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11

Yes, shoe size plays a role which is quite important. But for beginners I would suggest to think more about foot technique than caring about the best possible gear. For climbing shoe sizes I give the following simple hints: choose the shoes as small as possible choose shoes which aren't causing ache of the foot/toes/nail/heel climbing rubber shoes will ...


6

The question has the tag "mountaineering," but most of the time when I hear people say that you need boots with ankle support, they're actually talking about trail-walking. The cases of hiking and mountaineering are qualitatively different. For mountaineering, one big reason people usually don't use lightweight running shoes is that often there is talus, ...


6

I think you bought the wrong pair of 5.10s. I've got some Anasazi Whites I specifically bought them for edging. they have a thick(ish) sole area around the rim to provide better support when placing weight on the edges. I would suggest that the Moccasym's are a lot softer and are optimised for smearing on rough rock. 5.10s are known to be more ...


6

Your climbing shoes shouldn't hurt at all. Andrew Bisharat has a great article to read on the subject: http://eveningsends.com/climbing/climbing-shoes-tight/ In summary, here's what the article says: It's a misconception that shoes have to be uncomfortably tight for good performance. Using shoes that are too tight can cause various physical problems. ...


5

I climb in vibram five-fingers (KSO's), climbed in them for the first time in 2008 and loved them, where they excel is in roofs and overhanging problems because you can hook holds a lot easier with your toes, but for tougher wall climbing with small features (5.11+) I still use climbing shoes. There are some gyms that allow climbing barefoot, but for the ...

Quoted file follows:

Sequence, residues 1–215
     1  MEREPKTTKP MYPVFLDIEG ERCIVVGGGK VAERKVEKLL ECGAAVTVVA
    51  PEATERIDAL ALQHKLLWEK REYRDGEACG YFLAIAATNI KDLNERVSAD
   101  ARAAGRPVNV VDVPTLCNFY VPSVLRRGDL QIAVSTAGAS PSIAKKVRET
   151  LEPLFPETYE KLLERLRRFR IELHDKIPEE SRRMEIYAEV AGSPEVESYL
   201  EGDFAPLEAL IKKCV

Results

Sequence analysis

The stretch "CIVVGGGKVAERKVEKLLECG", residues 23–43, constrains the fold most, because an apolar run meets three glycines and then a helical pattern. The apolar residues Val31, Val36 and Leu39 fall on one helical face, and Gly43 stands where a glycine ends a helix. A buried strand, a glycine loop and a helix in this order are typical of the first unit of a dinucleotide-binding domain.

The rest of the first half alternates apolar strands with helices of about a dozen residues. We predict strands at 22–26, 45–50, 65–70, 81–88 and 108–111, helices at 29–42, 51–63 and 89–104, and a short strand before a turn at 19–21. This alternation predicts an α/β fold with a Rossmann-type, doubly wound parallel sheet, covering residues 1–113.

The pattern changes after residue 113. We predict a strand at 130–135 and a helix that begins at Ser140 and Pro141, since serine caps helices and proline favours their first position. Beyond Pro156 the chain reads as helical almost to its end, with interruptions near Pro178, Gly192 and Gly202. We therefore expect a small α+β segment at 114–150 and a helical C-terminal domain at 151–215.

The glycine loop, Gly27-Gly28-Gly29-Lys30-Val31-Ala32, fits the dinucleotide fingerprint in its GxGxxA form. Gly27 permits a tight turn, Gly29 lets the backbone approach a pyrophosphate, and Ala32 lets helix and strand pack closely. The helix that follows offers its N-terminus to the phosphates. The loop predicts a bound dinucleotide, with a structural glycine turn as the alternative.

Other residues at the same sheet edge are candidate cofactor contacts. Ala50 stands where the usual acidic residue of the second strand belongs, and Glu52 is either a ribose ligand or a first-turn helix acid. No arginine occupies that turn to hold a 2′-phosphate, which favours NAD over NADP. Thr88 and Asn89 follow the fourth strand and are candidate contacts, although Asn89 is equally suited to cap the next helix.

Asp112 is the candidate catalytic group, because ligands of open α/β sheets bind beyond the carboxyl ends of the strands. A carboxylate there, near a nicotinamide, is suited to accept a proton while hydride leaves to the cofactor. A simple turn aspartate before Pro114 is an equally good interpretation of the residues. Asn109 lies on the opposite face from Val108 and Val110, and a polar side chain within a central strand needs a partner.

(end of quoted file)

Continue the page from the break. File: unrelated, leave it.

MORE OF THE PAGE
5

The go to shoe repair glue I've always used is Shoe Goo. I've used it mostly for when my soles started to separate from my uppers, and it's always done the job for me. As far as resoling your shoes, you're right in your suspicion that the "easy solution" doesn't last, Shoe Goo advertises that it can be used to rebuild worn soles, and it will for minor ...


4

The type of boot you want will depend greatly on what sort of hiking you are doing, both in terms of distance and terrain. Personal preference also plays a strong role. For day walks on decent paths you will probably be fine with a sturdy pair of trainers or running shoes. Whereas for longer routes over rougher terrain, a studier boot if probably better, as ...


3

The solution is to invest in an actual pair of trail running shoes, they are stiffer, and snugger, and compensate for all of the issue that you're having with your road runners there. I have a pair of asics trail runners: asics gel fuji trabuco 3 They have a surprisingly stiff sole, they are snug even when not laced, and are extremely stable. I also ...


3

This question is extremely subjective, so anyone with experience will (and should) come up with his one personal way. What I will describe is therefore just an idea of when and why to use shoes with ankle support. The distinctions between the two types that cause the different application exceed the (no) ankle support: boots (ankle support) stiff sole ...


3

I lean towards light and fast dry running shoes such as the Lone Peak from Altra. This shoe goes under $100 on sale. It also comes with a gator-ready velcro at the back. There is no ankle support which I don't personally consider a problem. I've seen this shoe recommended at trail shops. They seem to be quite popular on long trails nowadays. I recommend ...


3

Feet and fit are very personal and shoes are no substitute for good technique and strength. How should I choose the proper size of my climbing shoes? I think the best thing you could do would be to borrow a smaller pair from a friend next time you go climbing (or rent a pair) and see what works best for you. some general guidelines; Not being able ...


2

There probably is a point where not having a toe-crunched fit would make a difference, but it's not V3. Climbing shoes do wear out relatively quickly. The difference in the sharpness of the rubber edge between a newly soled shoe and worn shoe can make a difference on small holds. Your climbing gym likely has a referral for getting climbing shoes re-soled. ...